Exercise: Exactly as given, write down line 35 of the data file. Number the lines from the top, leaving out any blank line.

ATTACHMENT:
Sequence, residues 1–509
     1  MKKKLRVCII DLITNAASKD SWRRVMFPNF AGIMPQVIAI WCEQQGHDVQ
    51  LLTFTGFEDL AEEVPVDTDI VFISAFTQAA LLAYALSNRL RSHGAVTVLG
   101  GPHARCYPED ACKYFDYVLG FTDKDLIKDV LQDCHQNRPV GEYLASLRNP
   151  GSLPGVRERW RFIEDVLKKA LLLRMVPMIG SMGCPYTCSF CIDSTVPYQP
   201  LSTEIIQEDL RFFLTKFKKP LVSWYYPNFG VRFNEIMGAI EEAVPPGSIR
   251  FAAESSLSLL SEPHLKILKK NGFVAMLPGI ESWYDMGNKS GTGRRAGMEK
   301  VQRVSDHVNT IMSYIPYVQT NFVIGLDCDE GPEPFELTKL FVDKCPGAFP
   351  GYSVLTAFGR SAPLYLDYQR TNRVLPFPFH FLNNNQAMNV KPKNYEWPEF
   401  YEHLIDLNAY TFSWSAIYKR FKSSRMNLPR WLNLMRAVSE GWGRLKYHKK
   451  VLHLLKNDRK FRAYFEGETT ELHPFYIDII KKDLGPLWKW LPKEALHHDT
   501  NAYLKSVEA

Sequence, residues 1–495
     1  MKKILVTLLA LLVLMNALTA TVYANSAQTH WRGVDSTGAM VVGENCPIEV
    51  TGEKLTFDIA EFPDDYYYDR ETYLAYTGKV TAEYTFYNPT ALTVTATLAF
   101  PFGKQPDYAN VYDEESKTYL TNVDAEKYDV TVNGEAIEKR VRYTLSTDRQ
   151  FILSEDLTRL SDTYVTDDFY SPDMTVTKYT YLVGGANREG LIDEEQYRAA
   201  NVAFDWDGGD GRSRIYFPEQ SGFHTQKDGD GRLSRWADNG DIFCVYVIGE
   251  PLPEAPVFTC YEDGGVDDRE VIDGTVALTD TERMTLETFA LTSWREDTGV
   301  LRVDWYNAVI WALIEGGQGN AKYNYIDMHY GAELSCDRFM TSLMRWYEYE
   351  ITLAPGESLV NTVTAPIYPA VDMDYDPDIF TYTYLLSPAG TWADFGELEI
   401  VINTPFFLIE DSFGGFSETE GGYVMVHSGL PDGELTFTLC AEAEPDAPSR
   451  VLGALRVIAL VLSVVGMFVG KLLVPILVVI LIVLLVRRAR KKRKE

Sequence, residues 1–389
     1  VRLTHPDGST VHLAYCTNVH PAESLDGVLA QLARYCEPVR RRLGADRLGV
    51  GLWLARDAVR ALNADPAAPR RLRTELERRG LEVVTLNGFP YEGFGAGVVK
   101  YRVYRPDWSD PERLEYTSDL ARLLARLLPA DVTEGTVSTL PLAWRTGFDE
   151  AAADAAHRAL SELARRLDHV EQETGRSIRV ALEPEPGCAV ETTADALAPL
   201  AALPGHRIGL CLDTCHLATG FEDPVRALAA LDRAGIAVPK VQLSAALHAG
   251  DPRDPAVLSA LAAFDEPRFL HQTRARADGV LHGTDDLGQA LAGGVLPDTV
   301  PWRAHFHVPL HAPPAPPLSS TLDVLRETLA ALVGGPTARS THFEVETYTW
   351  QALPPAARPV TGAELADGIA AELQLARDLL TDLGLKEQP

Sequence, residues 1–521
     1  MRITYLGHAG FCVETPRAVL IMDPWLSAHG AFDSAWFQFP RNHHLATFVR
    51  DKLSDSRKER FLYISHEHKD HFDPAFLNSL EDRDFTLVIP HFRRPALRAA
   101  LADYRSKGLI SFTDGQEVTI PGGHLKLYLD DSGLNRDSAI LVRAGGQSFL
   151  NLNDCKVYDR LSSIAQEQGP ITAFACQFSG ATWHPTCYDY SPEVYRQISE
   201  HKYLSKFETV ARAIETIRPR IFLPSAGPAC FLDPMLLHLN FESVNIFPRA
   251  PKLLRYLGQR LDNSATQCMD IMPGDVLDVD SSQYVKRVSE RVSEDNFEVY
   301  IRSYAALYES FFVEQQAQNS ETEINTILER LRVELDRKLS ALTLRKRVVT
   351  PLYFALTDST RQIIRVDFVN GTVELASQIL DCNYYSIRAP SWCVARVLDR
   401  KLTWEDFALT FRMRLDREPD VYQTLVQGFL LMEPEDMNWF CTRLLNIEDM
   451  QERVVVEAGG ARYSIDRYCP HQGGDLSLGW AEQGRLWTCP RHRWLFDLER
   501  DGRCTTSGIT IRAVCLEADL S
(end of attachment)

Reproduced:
    51  DKLSDSRKER FLYISHEHKD HFDPAFLNSL EDRDFTLVIP HFRRPALRAA